Starting with this Sunday’s contest against San Francisco at Lambeau Field, four of the Packers’ final five games will be played outdoors in what will likely be less-than-ideal conditions. Three of those games will take place in Green Bay, the first time since 2006 that the Packers have played three regular-season home games after Dec. 1, with a Week 15 night contest at New England mixed in.
For Crosby, he can lean on his experiences from his first three seasons in Green Bay, but for first-year punter Tim Masthay, who played collegiately in the Southeastern Conference at Kentucky, this will be his first go-around in dealing with cold weather.
Masthay won the punting job during the preseason over former Australian Rules Football player Chris Bryan, but the groundwork for the final month of the season was laid much earlier in the year. When the Packers began their offseason program in March, one aspect of it for the two young punters was to kick outside on Nitschke Field to get acclimated to the conditions that they hoped to be eventually dealing with.
“The biggest factor is you start to develop a mindset,” special teams coordinator Shawn Slocum said. “The thing I wanted to achieve with those guys was to take them out and say, ‘OK, here is what you’ll potentially face next December.’ Now we are here. We can lean back and say, ‘We went out back when we first got here and we dealt with some of this stuff.’
“So there is already a plan in place. Things like, ‘Does he wear a glove on one hand or not?’ Well, he is wearing a glove on one hand. Just little things like that. Dealing with your equipment, for a kicker it’s important in cold-weather conditions because of keeping your muscles warm. What are you wearing on the sideline when you are not in a game for four series? How do you stay warm? Do you stay up next to the heater and stay really warm or do you stay semi-warm? How much do you kick into the net? All of those things are premeditated and decided.”
Another aspect of the preparation for the colder games is spending part of Friday practices in the stadium, which enables the specialists to test the grass and their footing as they try to get a better feel for what gameday will bring.
“We’ll go into Lambeau and we’ll go through the game in our minds and we’ll hit some balls, kicks and punts,” Slocum said. “On gameday when we go out two hours prior to the game, we’ll go out and start making decisions based on wind conditions like which way we are going to punt, which direction we are going to kick off.
“When we get to the game, I typically let those guys keep their mindset on their performance unless there is something that I need to address.”
Punting in the south during college, Masthay said his “cold” experiences were limited to some late-fall morning practices when temperatures were between 25-35 degrees as well as a couple of games late in the season where the weather was cooler. Knowing that none of it has been quite like what he will face this next month, Masthay’s focus remains on fundamentals and not making any drastic changes to his technique while acknowledging some of the challenges that inevitably lie ahead.
“One of the main things that I will be focused on is I have to attack the ball every time,” said Masthay, who has a 43.3-yard average with a 36.9 net average this season. “The balls are harder. It’s not going to travel as far and carry because of the temperature and how hard the ball is, so I can’t really afford to not swing hard at the ball. I’ve got to try to really hit through the ball and keep my footwork short.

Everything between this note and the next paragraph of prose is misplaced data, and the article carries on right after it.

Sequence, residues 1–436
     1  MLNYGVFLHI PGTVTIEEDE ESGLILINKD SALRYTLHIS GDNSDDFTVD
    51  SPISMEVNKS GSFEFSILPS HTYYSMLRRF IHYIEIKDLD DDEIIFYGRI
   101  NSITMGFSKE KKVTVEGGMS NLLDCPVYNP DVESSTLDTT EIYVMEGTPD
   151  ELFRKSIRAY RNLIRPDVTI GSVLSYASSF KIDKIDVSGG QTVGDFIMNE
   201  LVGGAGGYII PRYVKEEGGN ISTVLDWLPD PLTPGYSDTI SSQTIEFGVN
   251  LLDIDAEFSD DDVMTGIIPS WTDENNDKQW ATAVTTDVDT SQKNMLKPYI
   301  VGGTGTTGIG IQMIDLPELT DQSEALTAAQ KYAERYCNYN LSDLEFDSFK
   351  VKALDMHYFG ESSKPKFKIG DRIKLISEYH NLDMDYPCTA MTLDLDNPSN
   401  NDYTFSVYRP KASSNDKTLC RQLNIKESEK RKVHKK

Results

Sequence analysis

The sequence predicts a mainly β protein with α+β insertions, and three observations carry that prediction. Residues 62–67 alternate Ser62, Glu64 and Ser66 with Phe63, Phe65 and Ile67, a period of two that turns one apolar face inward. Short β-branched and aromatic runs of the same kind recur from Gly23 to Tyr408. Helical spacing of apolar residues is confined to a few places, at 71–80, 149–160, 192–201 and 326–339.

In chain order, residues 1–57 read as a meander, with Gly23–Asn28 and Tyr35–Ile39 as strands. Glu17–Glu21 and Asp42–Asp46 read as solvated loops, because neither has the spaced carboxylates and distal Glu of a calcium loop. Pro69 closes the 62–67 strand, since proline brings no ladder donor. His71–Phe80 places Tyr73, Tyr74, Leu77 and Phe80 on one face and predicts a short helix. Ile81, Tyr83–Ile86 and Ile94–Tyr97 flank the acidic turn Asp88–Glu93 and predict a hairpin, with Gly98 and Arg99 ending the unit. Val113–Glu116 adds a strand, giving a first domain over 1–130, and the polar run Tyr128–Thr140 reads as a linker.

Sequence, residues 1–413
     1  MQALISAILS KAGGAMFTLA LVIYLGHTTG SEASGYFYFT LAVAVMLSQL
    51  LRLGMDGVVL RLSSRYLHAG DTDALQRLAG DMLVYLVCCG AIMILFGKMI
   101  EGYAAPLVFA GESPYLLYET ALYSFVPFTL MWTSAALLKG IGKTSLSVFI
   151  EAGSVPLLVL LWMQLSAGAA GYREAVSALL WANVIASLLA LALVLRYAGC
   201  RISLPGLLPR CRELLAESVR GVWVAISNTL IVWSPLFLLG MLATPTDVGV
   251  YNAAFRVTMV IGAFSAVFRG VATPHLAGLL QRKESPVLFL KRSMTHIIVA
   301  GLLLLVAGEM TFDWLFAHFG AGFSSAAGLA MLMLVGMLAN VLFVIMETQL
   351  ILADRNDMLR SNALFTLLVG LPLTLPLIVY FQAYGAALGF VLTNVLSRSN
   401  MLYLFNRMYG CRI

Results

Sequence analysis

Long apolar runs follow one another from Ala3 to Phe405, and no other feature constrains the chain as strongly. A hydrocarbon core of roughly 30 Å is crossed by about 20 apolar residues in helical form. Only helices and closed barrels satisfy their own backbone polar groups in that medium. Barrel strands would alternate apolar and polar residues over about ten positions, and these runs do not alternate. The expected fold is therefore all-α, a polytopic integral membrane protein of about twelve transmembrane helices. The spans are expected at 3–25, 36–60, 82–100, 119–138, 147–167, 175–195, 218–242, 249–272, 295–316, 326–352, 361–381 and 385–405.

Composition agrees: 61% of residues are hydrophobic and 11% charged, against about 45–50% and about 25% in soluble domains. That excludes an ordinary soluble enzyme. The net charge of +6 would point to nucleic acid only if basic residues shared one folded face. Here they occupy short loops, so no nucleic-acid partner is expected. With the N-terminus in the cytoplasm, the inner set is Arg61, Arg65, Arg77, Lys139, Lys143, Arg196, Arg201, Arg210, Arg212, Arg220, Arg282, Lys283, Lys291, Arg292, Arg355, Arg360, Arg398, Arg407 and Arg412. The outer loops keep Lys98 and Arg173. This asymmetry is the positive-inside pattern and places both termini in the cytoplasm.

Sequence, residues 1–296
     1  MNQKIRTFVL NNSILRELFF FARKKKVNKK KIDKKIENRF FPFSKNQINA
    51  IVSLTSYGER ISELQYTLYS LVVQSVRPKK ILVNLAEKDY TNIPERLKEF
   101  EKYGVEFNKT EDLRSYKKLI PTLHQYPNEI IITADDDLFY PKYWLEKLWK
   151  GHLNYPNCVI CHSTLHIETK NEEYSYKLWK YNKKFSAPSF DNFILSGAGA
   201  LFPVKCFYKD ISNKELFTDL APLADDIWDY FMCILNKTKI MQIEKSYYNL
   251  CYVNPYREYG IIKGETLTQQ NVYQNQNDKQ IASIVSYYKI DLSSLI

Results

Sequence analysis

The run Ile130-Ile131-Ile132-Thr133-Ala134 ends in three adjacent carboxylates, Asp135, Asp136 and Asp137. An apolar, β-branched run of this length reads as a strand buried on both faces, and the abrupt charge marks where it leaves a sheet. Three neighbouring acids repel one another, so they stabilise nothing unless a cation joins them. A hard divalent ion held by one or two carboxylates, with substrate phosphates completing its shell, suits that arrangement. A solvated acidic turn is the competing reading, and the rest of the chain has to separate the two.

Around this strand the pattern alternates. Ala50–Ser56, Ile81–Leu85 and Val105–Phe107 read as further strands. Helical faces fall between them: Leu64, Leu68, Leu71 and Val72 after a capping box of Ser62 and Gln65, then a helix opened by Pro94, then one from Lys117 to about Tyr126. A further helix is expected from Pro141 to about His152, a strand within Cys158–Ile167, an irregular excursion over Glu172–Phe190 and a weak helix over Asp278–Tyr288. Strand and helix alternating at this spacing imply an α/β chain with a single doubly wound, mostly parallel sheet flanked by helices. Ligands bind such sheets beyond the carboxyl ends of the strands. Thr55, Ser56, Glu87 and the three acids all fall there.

“Then when the wind is blowing, you’ve got to pay more attention to your drop. Those are the biggest changes for me.”
When Crosby arrived in Green Bay in 2007, he brought a little more familiarity with cold weather than Masthay from punting at Colorado in the Big 12, but he admits that paled in comparison to what he has dealt with in his first three seasons with the Packers.
“You have to try to match the ball as perfect as possible because it’s not going to fly as far most of the time,” Crosby said. “If you hit the sweet spot just right you can get the ball to go as far as it normally does. Definitely everything has to tighten down a little bit and get a little bit more precise.
“I was talking today to Tim about each kick, you have to focus on that next one. You game plan but as you are in the game, you have to say, ‘OK, this next kick, I have to go out and be precise and everything has to be dialed in a little bit more.’ Footing, elements, everything is going to come into play and you have to be very detailed.”
In Crosby’s first two NFL seasons, he went a combined 5-for-10 on field goals in six December outdoor games (four home, two at Chicago), with a 44-yarder vs. Oakland in 2007 his only kick of longer than 40 yards. In four outdoor games down the stretch last season, Crosby connected on 6-of-9 attempts, highlighted by a 52-yarder against Seattle in Week 16 in 18-degree weather.
“Mason’s experience in kicking in these conditions definitely gives him an advantage in performance,” Slocum said. “He is going to be focused on how to execute in these conditions as opposed to allowing the conditions to affect him. I think that is the biggest advantage he has got.”
For Masthay, his cold-weather experience will have to be gained week by week over the final month of the season. But the challenge that will be put to him and Crosby is a simple one: outperform your counterparts to give your team an edge.
“I think what is most important is the head-to-head performance on gameday, particularly when you play in a place like Lambeau,” Slocum said. “Mason Crosby needs to beat the kicker that we play and Tim Masthay needs to beat the punter that we play and the returner that we play.
“Their performance on that day in those conditions compared to their opponent’s performance to me is really indicative of us having success.”
Additional coverage – Dec. 2